Published by Iris Russak
The First World War began in August 1914. At that time, when Britain went to war, Canada also did so automatically. While Canada was a self-governing dominion of the British Empire, it did not control its own foreign affairs. The war lasted for more than four years, and killed approximately nine million people in uniform. Over that same time period the war also killed an estimated twenty million civilians. The world would never be the same. While Canada’s contribution to the First World War led to its growing autonomy and international recognition, it came at a great cost. (Source: Canadian War Museum – Canada and The First World War)
Two of the young men facing the frontlines were brothers Thomas and James Neill of Galt, ON (today’s Cambridge). Their service records on the British Commonwealth Archives were recently brought to the attention of their grandson/great-nephew Jim Neill of Kingston, ON and his sister Sandra Neill. The Neill family is holding on to mementos such as medals, photos and original military orders. One morning we met over coffee, looked closely at these artifacts and Jim decided to share their story with the community.
The basis of research into Thomas’ and James’ war time experiences are their service records which are publicly available on the Canadian Archives. The War Diaries of their respective units can be viewed as well. Another good source, helping to make this story come alive, are letters sent home to Canada by Thomas’ and James’ peers in the Canadian Expeditionary Force (CEF).
For me personally, researching the Neill family’s story was a tremendous opportunity for learning about Canada’s role in the First World War. Having been raised in Germany, this is a view on world history that I was not aware of. Being brought up with anti-militarism, anti-nationalism and a great suspicion of heroics in war, I never quite understood the meaning of Remembrance Day in Canada. Following the experiences of Thomas and James has helped me along enormously – realizing how just about every family in Canada was touched by the war. I am by no means a historian but I did my best to read the records available properly, verify dates and places, find supporting information and put into perspective what these men experienced a century ago. At the end of this series, I am including a list of sources and further reading that helped my understanding and will also suggest ways to explore World War I further in the Kingston community. A wonderful starting point for me was the website of the Canadian War Museum.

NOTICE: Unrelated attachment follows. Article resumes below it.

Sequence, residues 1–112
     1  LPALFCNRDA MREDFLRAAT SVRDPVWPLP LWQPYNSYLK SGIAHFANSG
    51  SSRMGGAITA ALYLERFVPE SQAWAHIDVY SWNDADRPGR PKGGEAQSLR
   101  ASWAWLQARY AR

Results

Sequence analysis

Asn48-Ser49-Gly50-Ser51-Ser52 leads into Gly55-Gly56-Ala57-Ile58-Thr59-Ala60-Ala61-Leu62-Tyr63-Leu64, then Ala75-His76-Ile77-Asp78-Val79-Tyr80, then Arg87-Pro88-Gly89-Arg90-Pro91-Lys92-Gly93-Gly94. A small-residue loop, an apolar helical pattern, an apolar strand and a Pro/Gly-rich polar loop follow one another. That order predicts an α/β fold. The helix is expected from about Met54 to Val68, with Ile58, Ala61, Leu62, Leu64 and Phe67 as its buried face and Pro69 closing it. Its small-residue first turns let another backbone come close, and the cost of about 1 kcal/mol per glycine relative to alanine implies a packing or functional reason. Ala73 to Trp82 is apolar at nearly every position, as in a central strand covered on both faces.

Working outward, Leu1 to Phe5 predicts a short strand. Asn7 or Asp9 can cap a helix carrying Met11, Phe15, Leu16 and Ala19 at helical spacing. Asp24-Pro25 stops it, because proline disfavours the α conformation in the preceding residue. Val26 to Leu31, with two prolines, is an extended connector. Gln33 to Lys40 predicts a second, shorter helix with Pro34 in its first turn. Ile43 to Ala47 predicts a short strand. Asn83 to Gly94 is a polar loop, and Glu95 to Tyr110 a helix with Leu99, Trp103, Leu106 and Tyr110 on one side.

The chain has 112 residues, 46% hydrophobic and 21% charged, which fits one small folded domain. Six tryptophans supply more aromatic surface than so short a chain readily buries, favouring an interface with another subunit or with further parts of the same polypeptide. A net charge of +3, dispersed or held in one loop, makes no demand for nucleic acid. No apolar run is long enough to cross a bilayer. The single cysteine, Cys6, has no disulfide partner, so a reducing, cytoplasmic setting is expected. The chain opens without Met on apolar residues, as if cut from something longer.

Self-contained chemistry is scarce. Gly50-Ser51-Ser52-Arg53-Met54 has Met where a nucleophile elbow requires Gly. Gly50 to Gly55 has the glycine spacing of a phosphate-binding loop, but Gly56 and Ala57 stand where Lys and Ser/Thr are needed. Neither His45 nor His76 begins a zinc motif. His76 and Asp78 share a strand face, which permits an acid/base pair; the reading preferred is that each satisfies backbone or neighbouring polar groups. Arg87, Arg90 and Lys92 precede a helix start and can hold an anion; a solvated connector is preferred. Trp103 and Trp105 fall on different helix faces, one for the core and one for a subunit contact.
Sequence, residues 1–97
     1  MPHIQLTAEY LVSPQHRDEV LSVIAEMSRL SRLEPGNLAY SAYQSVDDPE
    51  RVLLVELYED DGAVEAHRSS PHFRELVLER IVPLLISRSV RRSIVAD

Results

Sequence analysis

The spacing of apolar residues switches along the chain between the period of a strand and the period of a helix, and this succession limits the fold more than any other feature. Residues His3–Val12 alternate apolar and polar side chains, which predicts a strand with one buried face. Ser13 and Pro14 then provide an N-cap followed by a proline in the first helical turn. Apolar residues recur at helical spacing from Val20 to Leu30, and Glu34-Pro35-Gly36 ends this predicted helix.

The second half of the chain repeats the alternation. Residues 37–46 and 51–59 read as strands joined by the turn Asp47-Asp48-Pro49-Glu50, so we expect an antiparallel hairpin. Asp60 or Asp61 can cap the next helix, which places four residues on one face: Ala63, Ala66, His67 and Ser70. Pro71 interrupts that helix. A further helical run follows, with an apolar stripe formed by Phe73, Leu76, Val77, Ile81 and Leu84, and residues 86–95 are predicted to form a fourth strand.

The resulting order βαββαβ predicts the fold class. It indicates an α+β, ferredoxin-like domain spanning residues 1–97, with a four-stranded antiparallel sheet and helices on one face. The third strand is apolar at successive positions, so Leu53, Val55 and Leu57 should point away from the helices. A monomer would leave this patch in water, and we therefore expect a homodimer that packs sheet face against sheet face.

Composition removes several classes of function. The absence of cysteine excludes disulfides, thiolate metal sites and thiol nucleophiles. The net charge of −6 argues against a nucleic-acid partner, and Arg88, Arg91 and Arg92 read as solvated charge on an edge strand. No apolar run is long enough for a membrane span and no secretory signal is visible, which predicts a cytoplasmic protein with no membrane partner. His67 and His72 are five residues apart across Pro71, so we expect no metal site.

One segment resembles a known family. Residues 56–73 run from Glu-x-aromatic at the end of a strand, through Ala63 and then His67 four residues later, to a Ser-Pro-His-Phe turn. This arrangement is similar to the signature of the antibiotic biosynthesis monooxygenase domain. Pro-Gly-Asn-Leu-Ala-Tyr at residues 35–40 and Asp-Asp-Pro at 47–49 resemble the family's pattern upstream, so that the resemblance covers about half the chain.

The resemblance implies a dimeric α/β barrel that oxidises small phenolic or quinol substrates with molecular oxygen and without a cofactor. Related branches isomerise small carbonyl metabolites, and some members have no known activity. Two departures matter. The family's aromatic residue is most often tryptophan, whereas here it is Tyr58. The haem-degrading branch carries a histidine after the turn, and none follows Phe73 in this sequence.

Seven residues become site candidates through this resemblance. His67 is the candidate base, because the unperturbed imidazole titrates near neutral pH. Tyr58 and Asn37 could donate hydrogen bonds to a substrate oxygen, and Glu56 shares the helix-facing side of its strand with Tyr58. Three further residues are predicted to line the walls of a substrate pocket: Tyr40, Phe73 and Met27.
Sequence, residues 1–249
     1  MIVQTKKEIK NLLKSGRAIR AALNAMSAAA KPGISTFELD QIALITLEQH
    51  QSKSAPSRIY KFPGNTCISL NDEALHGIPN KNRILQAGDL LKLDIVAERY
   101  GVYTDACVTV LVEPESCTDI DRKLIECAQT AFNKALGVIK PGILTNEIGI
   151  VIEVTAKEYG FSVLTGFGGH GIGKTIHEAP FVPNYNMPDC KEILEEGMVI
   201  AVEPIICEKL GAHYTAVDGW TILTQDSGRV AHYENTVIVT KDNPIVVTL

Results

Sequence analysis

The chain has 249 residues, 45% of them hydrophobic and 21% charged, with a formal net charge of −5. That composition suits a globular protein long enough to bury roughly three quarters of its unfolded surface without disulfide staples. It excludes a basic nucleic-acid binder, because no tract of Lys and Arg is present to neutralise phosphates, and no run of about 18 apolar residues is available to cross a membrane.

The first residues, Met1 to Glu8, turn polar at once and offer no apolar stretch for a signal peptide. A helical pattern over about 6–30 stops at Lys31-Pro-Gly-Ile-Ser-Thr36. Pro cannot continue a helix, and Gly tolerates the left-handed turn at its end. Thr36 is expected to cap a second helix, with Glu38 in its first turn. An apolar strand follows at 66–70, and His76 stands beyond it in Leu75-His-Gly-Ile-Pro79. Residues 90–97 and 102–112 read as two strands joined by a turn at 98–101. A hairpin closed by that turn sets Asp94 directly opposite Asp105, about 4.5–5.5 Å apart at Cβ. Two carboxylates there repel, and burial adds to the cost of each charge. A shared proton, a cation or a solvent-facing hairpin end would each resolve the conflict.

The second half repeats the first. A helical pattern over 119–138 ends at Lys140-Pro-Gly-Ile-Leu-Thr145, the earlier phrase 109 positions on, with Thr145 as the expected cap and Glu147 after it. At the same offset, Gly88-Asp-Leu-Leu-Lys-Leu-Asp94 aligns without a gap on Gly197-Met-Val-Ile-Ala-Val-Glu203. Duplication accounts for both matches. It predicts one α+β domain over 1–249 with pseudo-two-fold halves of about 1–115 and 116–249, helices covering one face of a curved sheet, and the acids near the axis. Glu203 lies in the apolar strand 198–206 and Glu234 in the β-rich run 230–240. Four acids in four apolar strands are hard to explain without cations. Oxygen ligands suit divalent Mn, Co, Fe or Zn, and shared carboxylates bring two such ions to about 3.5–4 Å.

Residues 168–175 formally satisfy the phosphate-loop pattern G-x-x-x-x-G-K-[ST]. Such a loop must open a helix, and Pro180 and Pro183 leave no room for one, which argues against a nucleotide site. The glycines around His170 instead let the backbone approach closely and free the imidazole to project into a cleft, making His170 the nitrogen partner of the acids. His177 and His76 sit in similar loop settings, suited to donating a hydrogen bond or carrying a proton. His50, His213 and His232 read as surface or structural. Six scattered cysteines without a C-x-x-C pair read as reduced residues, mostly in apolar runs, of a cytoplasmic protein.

The Neill Family Roots And Enlistment of James & Thomas
The Neill family traces their roots back to Northern Ireland, where Jim and Sandra’s great-grandfather James Neil was born. In the wake of the Potato Famine of 1845-1852 the family fled to Manchester, England. There, James II was born on May 10, 1897 and his brother Thomas arrived on March 11, 1899. The Neill family immigrated to Canada in search of work in 1912 when the boys were 14 and 12 years old, respectively, and settled in Galt, ON. James became a machinist and in his attestation papers, Thomas notes ‘pattern maker’ as his profession, which likely would have referred to industrial pattern making.
Recruitment efforts began in earnest in Canada soon after the war broke out, and across the country English-speaking Canadians born in the British Isles were usually the first to flock to recruiting stations. In Waterloo County, attitudes towards the war were complicated because of the area’s strong German heritage. Not only were residents divided by ethnicity – German and British – but longstanding civic rivalries between Berlin (now Kitchener) and Galt (now Cambridge) increased the tension. This friction resulted in Waterloo Country attempting to raise two overseas battalions – the 118th in North Waterloo based in Berlin, and the 111th South Waterloo stationed in Galt. Although the 111th sailed for Europe in the fall of 1916, the 118th Battalion had more difficulties with recruiting and did not leave for England until the next year. The German heritage of many of the settlers of Waterloo County affected locals’ support for the 118th Battalion. (Source: www.waterlooatwar.ca and Laurier Centre for Military Strategic and Disarmament Studies, Source City on Edge: Berlin Becomes Kitchener in 1916″ Exhibit at Waterloo Region Museum, on display 2016.)
During the four years of the war, there were more than 600,000 enlistments in the Canadian Expeditionary Force (CEF). Thomas and James Neill both enlisted in Galt, ON on the same day – March 19, 1916. All of the men and women who joined completed an attestation paper, the information provided within them revealing the eclectic make-up of the CEF during the First World War, in terms of nationality, occupation, and even physical description.
In his attestation papers, James Neill is described as 5 ft 5 ¼ inch (just over 165 cm) in height with brown eyes and dark brown hair. Thomas’ attestation papers state the exact same. Both are noted as appearing to be exactly 18 years of age, which was certainly the case for James, but Thomas turned 17 years old only a few days before enlisting.
At this point, there was no mandatory military service in place for men in Canada and voluntary enlistment was at its peak. The brothers were assigned consecutive regimental numbers -730624 and 730625- as was quite customary for brothers signing up together. Both of them were assigned to the 111th Battalion (South Waterloo), CEF.
Please follow this blog to read further into Thomas’ and James’ journey through World War I. The next segment will follow them as they start training with the 111th Battallion South Waterloo in Canada and then continue on to further training in England.